In this interview, C4AA research fellow Sarah J Halford talks with Owen Griffiths, a social practice artist based in Swansea, Wales in the UK. Griffiths shares his strategy for using art projects as tactics to enter into publicly-owned spaces. He collaborates with others to transform these spaces into beautiful and useful landscapes that are co-authored by people in the community. Ultimately, he argues that the art is used to beautify the space, create community buy-in, and keep the space in the hands of the people – rather than sold to a private corporation.

Pam Korza

In this interview, C4AA co-director Steve Duncombe talks with Pam Korza about methods of evaluation in artistic activism. They consider the resistance that some artists have to quantitative evaluation, as well how we might evaluate the work from a perspective of aesthetic excellence. Korza also shares her extensive knowledge as co-director of Animating Democracy, an organization that fosters art for social change projects, and the six outcomes that she looks for when evaluating the success (or failure) of a project.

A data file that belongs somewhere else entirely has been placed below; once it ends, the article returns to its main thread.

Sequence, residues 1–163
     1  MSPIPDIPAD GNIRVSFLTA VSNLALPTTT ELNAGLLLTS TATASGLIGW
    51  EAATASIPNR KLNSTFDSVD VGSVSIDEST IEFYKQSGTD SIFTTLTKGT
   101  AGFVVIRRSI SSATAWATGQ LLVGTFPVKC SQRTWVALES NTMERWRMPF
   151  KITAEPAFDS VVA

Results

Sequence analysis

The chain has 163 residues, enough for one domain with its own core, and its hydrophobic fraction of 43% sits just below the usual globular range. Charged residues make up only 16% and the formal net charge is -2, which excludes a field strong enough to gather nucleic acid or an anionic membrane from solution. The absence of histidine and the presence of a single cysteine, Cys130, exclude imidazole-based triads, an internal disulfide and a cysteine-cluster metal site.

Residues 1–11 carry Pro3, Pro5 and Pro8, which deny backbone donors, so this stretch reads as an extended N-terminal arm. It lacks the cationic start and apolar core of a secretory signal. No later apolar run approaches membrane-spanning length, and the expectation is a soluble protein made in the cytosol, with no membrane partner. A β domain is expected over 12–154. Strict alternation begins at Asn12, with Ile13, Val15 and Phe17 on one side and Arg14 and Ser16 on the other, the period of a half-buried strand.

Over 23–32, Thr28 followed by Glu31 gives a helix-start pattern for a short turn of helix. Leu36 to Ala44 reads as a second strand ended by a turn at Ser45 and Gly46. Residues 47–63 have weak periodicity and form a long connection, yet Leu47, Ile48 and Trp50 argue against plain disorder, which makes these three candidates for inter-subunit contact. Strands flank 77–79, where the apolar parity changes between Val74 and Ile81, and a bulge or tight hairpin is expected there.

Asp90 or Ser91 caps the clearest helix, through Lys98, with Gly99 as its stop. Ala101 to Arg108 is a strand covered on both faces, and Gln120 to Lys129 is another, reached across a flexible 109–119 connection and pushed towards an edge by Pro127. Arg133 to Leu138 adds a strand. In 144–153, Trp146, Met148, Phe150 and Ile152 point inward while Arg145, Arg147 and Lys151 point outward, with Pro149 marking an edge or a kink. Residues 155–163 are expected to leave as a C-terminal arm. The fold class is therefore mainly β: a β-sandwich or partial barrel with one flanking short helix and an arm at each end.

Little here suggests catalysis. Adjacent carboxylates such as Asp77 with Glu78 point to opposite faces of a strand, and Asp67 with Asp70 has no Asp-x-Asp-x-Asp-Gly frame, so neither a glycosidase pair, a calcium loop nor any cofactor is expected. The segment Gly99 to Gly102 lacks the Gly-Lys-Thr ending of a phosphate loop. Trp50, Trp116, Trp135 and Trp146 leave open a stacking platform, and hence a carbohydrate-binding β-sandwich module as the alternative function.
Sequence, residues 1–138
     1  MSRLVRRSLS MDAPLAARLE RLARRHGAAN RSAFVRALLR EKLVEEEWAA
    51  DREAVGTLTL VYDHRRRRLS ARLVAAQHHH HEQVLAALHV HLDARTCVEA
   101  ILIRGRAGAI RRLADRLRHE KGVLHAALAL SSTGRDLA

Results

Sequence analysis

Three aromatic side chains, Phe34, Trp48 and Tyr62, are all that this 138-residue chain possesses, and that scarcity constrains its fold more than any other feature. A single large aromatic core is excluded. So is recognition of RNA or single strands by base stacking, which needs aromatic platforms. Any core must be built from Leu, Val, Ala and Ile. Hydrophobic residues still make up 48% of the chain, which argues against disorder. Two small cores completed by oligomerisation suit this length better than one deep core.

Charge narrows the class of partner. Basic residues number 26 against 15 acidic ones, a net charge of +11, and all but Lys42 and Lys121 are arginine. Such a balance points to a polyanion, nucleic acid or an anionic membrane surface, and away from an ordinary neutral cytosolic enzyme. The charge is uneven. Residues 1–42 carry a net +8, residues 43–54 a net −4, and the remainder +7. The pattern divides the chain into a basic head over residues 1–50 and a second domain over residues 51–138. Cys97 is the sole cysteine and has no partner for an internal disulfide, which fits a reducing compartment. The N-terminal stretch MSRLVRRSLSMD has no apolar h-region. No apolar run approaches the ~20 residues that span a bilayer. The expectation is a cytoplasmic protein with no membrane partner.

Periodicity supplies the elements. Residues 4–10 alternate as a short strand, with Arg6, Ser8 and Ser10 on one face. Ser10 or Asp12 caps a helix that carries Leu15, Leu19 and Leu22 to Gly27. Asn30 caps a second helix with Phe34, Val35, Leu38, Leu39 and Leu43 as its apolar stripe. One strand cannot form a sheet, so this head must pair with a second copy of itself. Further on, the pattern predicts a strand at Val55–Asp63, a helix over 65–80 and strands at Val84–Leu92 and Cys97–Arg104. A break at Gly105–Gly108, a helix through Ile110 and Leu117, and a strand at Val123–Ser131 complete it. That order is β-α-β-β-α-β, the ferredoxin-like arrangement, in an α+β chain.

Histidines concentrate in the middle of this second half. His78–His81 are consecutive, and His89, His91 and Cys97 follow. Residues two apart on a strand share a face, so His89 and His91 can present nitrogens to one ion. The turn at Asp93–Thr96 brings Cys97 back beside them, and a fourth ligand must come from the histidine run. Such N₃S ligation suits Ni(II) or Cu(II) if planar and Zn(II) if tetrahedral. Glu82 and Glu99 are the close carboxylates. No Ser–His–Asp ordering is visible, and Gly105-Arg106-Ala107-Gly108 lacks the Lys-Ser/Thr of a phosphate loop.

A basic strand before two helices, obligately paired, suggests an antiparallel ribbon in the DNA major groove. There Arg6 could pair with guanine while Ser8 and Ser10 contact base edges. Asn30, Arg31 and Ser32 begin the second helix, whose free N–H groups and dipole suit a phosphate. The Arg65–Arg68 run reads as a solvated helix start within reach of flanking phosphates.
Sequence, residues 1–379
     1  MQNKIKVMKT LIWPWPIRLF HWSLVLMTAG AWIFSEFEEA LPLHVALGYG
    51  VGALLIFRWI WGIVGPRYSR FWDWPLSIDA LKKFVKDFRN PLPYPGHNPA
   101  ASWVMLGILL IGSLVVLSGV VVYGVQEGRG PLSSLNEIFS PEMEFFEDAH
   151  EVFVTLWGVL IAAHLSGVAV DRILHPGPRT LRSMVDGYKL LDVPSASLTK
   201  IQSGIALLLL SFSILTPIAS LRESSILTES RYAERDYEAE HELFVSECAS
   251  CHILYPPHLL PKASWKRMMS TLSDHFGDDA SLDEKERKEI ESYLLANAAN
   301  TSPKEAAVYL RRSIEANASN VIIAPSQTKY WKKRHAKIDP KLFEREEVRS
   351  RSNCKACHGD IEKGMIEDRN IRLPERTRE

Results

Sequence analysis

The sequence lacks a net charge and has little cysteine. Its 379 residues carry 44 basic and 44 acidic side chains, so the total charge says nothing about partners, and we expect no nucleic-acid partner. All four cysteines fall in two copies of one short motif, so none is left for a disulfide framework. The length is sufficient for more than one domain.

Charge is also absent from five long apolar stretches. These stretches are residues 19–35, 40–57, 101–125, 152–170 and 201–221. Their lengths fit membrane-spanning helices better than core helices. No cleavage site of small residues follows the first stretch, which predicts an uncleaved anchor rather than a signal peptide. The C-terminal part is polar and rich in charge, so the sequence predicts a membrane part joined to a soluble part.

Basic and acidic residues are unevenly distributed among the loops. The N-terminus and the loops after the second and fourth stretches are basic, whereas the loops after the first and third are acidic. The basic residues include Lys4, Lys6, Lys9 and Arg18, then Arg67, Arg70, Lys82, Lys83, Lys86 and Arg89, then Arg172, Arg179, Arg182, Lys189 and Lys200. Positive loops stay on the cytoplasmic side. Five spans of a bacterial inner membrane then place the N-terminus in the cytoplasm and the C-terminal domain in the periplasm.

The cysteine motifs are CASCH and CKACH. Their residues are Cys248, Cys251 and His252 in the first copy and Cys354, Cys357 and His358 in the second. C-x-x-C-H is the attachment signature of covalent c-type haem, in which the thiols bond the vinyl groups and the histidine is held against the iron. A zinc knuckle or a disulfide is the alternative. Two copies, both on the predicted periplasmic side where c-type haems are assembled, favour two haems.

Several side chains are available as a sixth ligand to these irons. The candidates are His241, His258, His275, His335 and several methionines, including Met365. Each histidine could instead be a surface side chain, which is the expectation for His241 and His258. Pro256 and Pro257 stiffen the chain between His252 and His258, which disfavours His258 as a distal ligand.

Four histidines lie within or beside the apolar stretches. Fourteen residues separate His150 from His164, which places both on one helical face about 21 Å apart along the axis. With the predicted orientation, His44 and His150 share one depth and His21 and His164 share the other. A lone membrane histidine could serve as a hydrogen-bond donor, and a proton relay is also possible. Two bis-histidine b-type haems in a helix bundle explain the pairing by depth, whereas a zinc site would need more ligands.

Marlène Ramírez-Cancio

In this interview, C4AA co-founder Steve Duncombe talks with Marlene Ramirez-Cancio, Associate Director of Arts and Media at the Hemispheric Institute. They discuss the elusive nature of evaluating artistic activism through qualitative frameworks. What is the vocabulary for doing so? And why is that vocabulary so difficult to find? Marlene shares her thoughts on these questions and challenges arts funders to become more comfortable with metrics that measure qualities beyond material successes.

Gan Golan

In this interview, George Perlov talks with Gan Golan, artistic activist and author of the bestselling children’s book parody “Goodnight Bush” and “The Adventures of Unemployed Man,” the critically-acclaimed graphic novel about the economic crisis. Golan discusses the importance of movement narratives and calls for artists and activists, alike, to figure out ways to measure what a movement means to the public.